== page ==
Arctic Inspiration prize winners crank up sound in Qikiqtani classrooms
“Their eyes lit up and they said ‘I can hear!’”
Imagine flicking on a switch to have more attentive students.
It’s sounds too good to be true, but when classrooms in Pangnirtung’s Alookie elementary school were outfitted with sound amplification systems earlier this month, principal Mary Etuangat said the change was immediate and noticeable.
The audio system, called Phonak Digimaster, is essentially a loud speaker installed in the classroom, with a clip-on microphone to amplify educators’ voices.
“They started using them right away, and they love it,” Etuangat said of Alookie’s amplification systems. “The first time the students heard it, their eyes lit up and they said ‘I can hear!’”
Alookie was the second school in the Qikiqtani region to have the new field system installed in each of its classrooms — Pond Inlet’s Ulaajuk school received their system in May — by the organization Better Hearing in Education for Northern Youth (BHENY.)
The new technology is in large part thanks to BHENY’s big win last winter, when the group took home $300,000 of the 2015 Arctic Inspiration prize, which funds wellness projects across Canada’s North.
The system is used to help students with hearing loss. It’s a widespread issue across Nunavut, often due to complications from ear infections, although identifying and treating it has been a slow process.
Guelph, Ont.-based audiologist Lynne McCurdy, a member of BHENY, notes there isn’t much data on hearing impairment in the North.
“But we can extrapolate… generally, it’s a 40 per cent higher incidence of hearing loss [in the North] than in the South,” McCurdy said.
“Which could mean 20 per cent of students in a given classroom have significant hearing loss and may have trouble hearing the teacher or their peers.”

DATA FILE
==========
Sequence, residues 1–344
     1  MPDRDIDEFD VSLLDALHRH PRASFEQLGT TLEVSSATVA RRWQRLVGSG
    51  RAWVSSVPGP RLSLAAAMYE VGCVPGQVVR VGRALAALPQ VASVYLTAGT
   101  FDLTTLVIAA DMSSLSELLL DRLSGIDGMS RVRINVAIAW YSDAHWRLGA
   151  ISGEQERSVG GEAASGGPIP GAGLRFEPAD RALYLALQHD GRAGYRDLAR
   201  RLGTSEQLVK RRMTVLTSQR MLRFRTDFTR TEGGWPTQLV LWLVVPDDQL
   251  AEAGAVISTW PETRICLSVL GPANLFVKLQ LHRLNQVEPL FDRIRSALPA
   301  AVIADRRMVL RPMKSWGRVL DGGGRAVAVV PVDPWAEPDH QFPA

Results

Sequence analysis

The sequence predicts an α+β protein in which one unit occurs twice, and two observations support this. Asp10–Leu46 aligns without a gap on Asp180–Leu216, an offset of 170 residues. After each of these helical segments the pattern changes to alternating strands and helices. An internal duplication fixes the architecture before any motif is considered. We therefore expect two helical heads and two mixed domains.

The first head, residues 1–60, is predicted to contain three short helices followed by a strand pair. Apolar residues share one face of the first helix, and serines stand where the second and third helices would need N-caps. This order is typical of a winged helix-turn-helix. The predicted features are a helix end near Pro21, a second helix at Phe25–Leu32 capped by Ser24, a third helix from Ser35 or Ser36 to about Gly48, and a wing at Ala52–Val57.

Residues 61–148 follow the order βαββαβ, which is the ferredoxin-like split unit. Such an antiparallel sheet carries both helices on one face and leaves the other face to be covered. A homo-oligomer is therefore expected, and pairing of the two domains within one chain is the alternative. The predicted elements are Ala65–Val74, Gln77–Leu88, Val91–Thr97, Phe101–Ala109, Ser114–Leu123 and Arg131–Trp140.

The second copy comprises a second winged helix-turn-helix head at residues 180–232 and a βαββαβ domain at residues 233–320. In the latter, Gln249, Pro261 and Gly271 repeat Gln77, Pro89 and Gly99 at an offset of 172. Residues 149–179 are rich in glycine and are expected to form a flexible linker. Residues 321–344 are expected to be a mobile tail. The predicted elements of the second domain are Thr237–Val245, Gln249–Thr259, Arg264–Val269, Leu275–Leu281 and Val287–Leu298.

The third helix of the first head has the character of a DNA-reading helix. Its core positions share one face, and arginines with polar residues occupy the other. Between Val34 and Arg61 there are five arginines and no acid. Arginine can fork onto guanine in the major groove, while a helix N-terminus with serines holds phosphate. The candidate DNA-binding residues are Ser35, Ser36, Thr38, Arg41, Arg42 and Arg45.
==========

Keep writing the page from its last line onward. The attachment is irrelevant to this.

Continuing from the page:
And that leads to difficulties with both literacy and social skills.
Etuangat remembers her own daughter having issues with reading and writing English through elementary school.
“That’s when we realized she probably wasn’t hearing certain English words,” Etuangat said.
Other members of Etuangat’s family have been treated for hearing loss over the years.
But treatment isn’t a given — some Nunavummiut are on wait-lists three years long.
The Iqaluit-based audiologist, Dr. Kim Hurley, is Nunavut’s only full-time audiologist and often only has the chance to visit communities once a year.
Even when children are diagnosed with hearing impairment and fitted with hearing aids, there isn’t regular follow up and equipment maintenance.
Of some 470 elementary students between Pangnirtung and Pond Inlet, BHENY members say only one student currently wears hearings aids.
That’s where BHENY hopes to step in.
“I’d like to see BHENY working on expanding audiology services,” Etuangat said. “It’s not right to have just one audiologist for the whole region.”
For now, the group is focused on installing the rest of the amplifications systems throughout the region’s schools.
Ataguttaaluk school in Igloolik and Nakasuk school in Iqaluit are scheduled for installations in September 2016, while all of Qikiqtani’s elementary classrooms should be outfitted by 2017.
But BHENY’s Arctic Inspiration prize win has provided the group with more than just funding; the win has also promoted their cause, raising awareness around hearing loss for Nunavummiut families.
“It’s starting to occur to people,” McCurdy said, “and people are starting to make the connection between lack of hearing and the inability to develop some good linguistic and social skills.
“So we’re starting to have an impact. We’ve opened the door to the conversation now.”